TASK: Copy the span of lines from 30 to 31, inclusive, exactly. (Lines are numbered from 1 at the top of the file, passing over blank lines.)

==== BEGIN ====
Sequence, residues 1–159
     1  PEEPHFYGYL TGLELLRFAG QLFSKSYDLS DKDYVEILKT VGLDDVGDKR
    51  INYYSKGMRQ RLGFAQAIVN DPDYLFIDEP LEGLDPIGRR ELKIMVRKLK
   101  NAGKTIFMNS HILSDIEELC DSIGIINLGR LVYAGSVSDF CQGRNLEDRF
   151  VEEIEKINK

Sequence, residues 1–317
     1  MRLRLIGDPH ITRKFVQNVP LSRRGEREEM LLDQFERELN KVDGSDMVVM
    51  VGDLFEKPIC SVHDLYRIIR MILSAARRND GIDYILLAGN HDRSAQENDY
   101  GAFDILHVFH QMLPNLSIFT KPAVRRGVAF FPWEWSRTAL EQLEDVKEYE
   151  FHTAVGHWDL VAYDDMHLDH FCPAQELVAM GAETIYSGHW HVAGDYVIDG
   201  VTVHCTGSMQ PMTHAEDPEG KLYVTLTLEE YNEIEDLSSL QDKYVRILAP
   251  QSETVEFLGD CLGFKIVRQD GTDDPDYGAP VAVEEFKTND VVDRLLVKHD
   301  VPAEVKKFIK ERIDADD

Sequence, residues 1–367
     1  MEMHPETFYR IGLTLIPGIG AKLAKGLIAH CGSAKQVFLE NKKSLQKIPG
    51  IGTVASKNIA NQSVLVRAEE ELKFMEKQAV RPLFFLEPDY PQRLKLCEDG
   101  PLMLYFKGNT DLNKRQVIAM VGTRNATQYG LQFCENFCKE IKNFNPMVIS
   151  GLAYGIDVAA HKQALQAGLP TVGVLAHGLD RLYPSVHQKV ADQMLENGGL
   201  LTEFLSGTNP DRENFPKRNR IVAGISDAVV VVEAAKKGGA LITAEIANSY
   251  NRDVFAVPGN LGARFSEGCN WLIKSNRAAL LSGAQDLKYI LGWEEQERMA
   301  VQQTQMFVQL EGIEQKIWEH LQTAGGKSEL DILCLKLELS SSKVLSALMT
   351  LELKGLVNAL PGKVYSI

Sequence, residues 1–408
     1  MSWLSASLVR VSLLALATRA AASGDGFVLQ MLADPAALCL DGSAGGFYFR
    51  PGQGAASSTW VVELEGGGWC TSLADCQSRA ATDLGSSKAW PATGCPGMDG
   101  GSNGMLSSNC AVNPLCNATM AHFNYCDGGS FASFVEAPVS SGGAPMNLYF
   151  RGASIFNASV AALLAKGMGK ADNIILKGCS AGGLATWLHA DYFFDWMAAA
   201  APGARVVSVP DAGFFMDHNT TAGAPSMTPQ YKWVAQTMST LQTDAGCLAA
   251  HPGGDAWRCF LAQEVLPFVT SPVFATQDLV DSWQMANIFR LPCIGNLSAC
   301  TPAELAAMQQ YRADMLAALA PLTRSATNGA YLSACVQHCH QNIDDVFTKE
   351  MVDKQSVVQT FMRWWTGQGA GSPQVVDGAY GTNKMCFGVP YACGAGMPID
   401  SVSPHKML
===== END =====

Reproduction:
   301  TPAELAAMQQ YRADMLAALA PLTRSATNGA YLSACVQHCH QNIDDVFTKE
   351  MVDKQSVVQT FMRWWTGQGA GSPQVVDGAY GTNKMCFGVP YACGAGMPID